Hello this is my first AAR. Hope you enjoy it!
1395 - 1415 Sultan Nusrat Shah I Thuqluqid (The Pious)
1416 - 1421 1st Regency Council
1421 - 1427 Sultan Mubarrak Shah II Thuqluqid (The Brief)
1427 - 1438 Sultan Nusrat I Thuqluqid (The Warmonger)
1438 - 1446 2nd Regency Council
1446 - 1463 Sultan Mubarrak Shah III Thuqluqid (The Jihadist)
1463 - 1478 3rd Regency Council
1478 - 1489 Sultan Daulat Khan I Thuqluqid (The Stubborn)
1489 - 1494 4th Regency Council
1494 - 1511 Sultan Sher Shah I Thuqluqid part 1 part 2 (The Lesser)
1511 - 1523 Sultan/Padishah Mohammed Shah IV Thuqluqid part 1 part 2 (The Reformer)
Empire (1521 - ????)
1523 - 1526 5th Regency Council
1526 - 1554 Padishah Mohammed Shah V Thuqluqid part 1 part 2 part 3 (The Unfriendly)
1554 - 1580 Padishah Ibrahim II Thuqluqid part 1 part 2 part 3 part 4 (The Great, Unifier of India)
1580 - 1587 Padishah Mubarrak Shah IV Thuqluqid (The builder, the coward)
1587 - 1588 6th Regency Council
1588 - 1613 Padishah Sayyd Khidr I part 1 part 2 part 3 part 4(The learned, the silver tongue)
1613 - 1620 7th Regency Council
1620 - 1624 Padishah Khidr Khan I (The controversial)
First, some info regarding the history of the Delhi sultanate before the beginning of the game:
Sources:Islam was propagated by the Prophet Muhammad during the early seventh century in the deserts of Arabia. Less than a century after its inception, Islam's presence was felt throughout the Middle East, North Africa, Spain, Iran, and Central Asia. Arab military forces conquered the Indus Delta region in Sindh in 711 and established an Indo-Muslim state there. Sindh became an Islamic outpost where Arabs established trade links with the Middle East and were later joined by teachers or sufis, but Arab influence was hardly felt in the rest of South Asia. By the end of the tenth century, dramatic changes took place when the Central Asian Turkic tribes accepted both the message and mission of Islam. These warlike people first began to move into Afghanistan and Iran and later into India through the northwest. Mahmud of Ghazni (971-1030), who was also known as the "Sword of Islam," mounted seventeen plundering expeditions between 997 and 1027 into North India, annexing Punjab as his eastern province. The invaders' effective use of the crossbow while at a gallop gave them a decisive advantage over their Indian opponents, the Rajputs. Mahmud's conquest of Punjab foretold ominous consequences for the rest of India, but the Rajputs appear to have been both unprepared and unwilling to change their military tactics, which ultimately collapsed in the face of the swift and punitive cavalry of the Afghans and Turkic peoples.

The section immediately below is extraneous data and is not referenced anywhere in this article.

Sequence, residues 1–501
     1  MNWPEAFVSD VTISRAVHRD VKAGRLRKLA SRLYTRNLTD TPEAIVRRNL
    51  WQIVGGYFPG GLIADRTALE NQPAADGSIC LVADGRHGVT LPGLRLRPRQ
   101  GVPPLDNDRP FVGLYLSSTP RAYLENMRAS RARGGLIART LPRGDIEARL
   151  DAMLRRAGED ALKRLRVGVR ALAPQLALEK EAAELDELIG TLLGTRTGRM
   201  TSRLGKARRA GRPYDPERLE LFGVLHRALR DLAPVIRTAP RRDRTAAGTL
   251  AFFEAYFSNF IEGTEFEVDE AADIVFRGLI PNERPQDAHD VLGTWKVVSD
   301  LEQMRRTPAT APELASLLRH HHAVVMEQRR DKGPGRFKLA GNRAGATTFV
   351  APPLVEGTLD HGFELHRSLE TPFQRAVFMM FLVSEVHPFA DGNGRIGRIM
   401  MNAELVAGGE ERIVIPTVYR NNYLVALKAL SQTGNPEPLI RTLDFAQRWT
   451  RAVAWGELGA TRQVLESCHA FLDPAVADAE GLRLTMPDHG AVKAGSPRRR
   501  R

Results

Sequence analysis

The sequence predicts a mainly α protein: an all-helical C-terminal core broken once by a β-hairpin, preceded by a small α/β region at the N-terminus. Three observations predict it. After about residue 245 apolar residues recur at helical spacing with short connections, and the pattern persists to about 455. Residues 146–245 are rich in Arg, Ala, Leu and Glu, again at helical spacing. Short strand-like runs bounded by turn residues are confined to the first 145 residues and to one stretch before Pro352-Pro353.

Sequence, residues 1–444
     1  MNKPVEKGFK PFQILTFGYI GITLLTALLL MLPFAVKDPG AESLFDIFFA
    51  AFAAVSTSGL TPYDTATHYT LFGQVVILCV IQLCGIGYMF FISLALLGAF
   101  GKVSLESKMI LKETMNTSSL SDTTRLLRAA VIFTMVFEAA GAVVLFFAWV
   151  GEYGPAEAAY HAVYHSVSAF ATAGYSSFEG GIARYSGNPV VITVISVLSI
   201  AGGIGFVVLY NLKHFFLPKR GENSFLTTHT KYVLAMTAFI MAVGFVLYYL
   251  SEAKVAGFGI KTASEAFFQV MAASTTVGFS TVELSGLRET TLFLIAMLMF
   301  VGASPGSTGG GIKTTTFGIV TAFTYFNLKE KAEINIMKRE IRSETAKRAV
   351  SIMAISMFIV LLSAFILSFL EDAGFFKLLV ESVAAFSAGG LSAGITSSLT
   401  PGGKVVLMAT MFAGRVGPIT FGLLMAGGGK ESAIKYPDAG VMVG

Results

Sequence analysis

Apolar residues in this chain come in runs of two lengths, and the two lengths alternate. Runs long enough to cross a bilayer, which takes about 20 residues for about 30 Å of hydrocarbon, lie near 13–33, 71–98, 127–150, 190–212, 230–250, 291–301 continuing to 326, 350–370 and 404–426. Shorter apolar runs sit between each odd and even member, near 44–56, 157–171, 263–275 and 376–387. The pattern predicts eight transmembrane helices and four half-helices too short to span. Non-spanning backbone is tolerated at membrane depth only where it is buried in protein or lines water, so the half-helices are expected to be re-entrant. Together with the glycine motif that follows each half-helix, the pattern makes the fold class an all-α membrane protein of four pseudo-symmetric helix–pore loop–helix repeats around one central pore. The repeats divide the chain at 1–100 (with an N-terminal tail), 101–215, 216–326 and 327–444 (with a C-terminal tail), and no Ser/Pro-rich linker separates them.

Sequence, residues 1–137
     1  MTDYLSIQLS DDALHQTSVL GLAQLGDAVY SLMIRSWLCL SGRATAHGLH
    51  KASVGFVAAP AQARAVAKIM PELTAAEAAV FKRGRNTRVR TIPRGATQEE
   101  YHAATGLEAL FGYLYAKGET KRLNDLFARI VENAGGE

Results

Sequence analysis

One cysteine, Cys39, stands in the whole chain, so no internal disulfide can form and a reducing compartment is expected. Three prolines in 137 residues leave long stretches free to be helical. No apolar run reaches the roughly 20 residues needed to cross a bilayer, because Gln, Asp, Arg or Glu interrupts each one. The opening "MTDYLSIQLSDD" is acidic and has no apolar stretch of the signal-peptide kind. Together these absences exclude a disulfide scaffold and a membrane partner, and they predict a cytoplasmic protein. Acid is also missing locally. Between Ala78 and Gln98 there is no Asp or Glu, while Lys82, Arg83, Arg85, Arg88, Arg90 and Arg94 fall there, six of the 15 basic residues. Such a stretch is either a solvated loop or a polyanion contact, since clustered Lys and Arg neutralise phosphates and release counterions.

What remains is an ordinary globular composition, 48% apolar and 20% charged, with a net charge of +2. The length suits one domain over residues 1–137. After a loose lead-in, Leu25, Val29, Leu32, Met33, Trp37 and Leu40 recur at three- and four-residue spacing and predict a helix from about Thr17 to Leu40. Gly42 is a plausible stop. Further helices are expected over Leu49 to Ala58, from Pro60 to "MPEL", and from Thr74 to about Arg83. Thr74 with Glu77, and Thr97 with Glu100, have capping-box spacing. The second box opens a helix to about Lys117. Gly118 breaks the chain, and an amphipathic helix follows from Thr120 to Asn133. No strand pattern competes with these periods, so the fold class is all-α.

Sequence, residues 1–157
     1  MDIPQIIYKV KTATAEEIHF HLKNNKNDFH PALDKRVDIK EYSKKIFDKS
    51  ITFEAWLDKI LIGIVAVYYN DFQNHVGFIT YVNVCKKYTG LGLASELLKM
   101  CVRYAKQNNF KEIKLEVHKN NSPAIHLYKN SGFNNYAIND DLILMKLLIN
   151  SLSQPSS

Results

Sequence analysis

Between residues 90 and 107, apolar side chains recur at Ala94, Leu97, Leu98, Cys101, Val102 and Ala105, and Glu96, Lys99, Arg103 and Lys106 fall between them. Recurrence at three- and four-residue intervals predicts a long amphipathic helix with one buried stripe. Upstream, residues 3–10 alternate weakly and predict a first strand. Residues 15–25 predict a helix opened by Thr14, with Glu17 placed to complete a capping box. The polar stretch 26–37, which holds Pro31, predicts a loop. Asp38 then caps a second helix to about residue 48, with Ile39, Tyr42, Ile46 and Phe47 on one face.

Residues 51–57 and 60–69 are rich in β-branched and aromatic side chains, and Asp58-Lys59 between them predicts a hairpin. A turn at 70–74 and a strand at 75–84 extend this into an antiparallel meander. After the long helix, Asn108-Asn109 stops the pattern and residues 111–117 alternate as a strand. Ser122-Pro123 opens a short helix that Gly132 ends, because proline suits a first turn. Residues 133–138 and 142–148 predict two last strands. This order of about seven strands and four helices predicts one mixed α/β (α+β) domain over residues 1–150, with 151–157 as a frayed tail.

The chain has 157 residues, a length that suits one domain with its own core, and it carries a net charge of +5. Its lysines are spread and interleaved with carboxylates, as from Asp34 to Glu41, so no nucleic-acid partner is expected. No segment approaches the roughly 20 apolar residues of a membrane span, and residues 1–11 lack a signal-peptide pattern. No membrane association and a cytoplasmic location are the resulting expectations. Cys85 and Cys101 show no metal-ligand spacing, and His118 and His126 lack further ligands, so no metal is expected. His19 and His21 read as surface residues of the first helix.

In the thirteenth century, Shams-ud-Din Iletmish (or Iltutmish; r. 1211-36), a former slave-warrior (mamluk), established a Turkic kingdom in Delhi, which enabled future sultans to push in every direction; within the next 100 years, the Delhi Sultanate extended its sway east to Bengal and south to the Deccan, while the sultanate itself experienced repeated threats from the northwest and internal revolts from displeased, independent-minded nobles. The sultanate was in constant flux as, up until 1399, three dynasties rose and fell: Mamluk or Slave (1206-90), Khalji (1290-1320) and Tughluq (1320-1413). The Khalji Dynasty under Ala-ud-Din (r. 1296-1315) succeeded in bringing most of South India under its control for a time, although conquered areas broke away quickly. Power in Delhi was often gained by violence--nineteen of the thirty-five sultans were assassinated--and was legitimized by reward for tribal loyalty. Factional rivalries and court intrigues were as numerous as they were treacherous; territories controlled by the sultan expanded and shrank depending on his personality and fortunes.